That's Bottled Water, Not Beer, Officer: A Ridiculous Arrest Yields a $200,000 Settlement

One University of Virginia student's mistreatment at the hands of state regulatory agents has come to a just end.


Karen Blaha / Flickr

One University of Virginia student's mistreatment at the hands of state regulatory agents has come to a just end: 21-year-old Elizabeth Daly will receive a settlement of $212,500 after an insane encounter with the Alcohol Beverage Control division in June of 2013.

Daly and two friends were leaving a shopping center near the UVA campus when ABC agents staking out the store took an interest in a case of bottles she was carrying. The agents suspected that Daly was underage and had illegally purchased alcohol. They were correct about her age (she was 20 at the time), but wrong about everything else—the bottles contained water, not beer.

Since none of the girls had done anything wrong, they were understandably confused when the ABC agents—none of whom were wearing uniforms—surrounded Daly's car. Daly attempted to comply with an order to roll down her window, but had to turn on the car first to do so. This provoked the officers, and one jumped on the hood of the car. At least one officer drew a weapon. Fearing for her life, and fearing that she was about to be robbed, Daly drove off with every intention of sorting things out at a police station. She attempted to call 911 right away, but was soon stopped by clearly-marked police vehicles.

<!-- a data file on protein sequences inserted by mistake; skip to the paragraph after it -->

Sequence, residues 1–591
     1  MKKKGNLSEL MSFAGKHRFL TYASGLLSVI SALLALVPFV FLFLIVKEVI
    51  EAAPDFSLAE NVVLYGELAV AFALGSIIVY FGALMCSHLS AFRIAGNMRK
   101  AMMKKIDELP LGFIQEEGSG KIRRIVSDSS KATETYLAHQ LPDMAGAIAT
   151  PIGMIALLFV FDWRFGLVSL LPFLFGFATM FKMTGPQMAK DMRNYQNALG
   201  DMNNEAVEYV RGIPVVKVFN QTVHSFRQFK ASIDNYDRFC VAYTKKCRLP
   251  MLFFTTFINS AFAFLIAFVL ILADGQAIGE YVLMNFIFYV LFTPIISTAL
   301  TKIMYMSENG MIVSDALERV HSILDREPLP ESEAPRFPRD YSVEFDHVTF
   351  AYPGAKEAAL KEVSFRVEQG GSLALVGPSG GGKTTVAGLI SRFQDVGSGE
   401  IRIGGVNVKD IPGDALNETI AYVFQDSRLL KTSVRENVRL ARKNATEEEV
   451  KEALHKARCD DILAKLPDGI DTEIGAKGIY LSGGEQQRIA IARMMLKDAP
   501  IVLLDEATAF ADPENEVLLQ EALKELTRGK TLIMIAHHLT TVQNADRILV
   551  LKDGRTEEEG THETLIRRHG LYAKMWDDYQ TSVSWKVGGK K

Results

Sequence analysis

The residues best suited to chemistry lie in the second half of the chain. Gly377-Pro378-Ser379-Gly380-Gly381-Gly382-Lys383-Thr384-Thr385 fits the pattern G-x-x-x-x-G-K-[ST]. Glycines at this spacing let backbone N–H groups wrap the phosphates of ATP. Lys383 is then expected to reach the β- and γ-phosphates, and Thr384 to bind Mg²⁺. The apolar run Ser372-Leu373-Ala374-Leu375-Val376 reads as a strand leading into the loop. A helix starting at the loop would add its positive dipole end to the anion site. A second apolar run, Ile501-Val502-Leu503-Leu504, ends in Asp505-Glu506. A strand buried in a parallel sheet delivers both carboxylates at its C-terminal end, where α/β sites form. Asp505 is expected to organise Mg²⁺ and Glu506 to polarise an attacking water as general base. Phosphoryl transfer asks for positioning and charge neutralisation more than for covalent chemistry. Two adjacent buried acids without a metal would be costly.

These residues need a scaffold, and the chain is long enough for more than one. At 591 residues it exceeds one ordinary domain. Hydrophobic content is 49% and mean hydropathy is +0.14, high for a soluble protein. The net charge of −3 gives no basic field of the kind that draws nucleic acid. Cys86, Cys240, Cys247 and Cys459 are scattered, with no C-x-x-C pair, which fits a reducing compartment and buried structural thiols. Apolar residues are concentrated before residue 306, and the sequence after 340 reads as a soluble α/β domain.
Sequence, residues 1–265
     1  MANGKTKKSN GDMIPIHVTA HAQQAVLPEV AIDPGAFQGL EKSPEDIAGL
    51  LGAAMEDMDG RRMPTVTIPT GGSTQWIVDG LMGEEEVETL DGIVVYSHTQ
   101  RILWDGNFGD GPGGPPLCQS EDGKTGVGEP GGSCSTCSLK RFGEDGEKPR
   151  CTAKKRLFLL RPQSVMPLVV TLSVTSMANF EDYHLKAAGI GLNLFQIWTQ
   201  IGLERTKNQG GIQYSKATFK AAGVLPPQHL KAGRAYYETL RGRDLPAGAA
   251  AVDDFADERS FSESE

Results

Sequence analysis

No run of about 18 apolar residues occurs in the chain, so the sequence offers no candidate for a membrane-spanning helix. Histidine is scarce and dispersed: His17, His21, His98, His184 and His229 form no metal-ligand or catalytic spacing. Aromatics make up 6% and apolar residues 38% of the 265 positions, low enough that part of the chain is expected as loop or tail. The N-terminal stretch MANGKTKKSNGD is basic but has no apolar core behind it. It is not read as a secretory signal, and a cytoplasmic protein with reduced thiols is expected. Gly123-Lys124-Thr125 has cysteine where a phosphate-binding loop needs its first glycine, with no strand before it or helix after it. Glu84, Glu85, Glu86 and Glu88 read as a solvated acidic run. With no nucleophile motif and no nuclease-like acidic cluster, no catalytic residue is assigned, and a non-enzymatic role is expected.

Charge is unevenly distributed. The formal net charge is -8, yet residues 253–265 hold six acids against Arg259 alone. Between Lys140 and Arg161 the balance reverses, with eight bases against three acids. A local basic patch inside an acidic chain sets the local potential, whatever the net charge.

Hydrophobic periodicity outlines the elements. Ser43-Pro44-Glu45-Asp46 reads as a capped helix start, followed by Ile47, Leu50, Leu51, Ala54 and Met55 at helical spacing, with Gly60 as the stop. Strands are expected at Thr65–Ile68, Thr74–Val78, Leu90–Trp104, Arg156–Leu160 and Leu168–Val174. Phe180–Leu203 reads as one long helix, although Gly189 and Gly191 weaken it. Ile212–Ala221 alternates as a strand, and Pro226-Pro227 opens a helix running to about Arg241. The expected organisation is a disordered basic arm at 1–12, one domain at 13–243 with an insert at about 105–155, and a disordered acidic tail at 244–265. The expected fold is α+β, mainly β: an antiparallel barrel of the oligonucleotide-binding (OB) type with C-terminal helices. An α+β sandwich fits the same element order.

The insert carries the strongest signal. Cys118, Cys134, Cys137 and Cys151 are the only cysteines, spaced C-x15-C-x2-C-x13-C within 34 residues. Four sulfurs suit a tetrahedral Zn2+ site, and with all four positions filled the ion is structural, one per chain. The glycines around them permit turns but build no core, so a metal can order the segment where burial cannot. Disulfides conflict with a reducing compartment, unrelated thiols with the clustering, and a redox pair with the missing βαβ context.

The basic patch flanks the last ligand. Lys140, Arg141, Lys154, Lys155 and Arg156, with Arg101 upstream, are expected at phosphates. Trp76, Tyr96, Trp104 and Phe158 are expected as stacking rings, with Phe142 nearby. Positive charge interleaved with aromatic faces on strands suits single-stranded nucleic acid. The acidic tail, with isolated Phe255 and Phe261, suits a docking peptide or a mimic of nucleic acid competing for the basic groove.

After being told that the men who had approached her car were indeed law enforcement agents, Daly was apologetic. The agents, however, were not. Authorities charged her with three felonies, including assaulting an officer, and threw her in jail. The agents even made fun of Daly for being confused, according to her lawsuit.

But the lunacy of the agents' actions finally caught up with them. The charges were eventually dropped, and last week, Daly settled her lawsuit against the state of Virginia. According to The Daily Progress, Virginia Attorney General Mark Herring has asked for a review of the ABC division, though he defended its existence:

Herring lauded a wave of policy and procedural changes ABC announced in November covering the way the agency handles undercover operations. Those changes came in the wake of state police and internal reviews of Daly's case.

"ABC agents do important work enforcing our alcohol laws and combating underage drinking, and the new policies and procedures implemented after this incident will help ABC effectively fulfill its mission while ensuring the safety of officers and the public," Herring stated.

Important work, indeed.

Hat tip: Eric Owens / The Daily Caller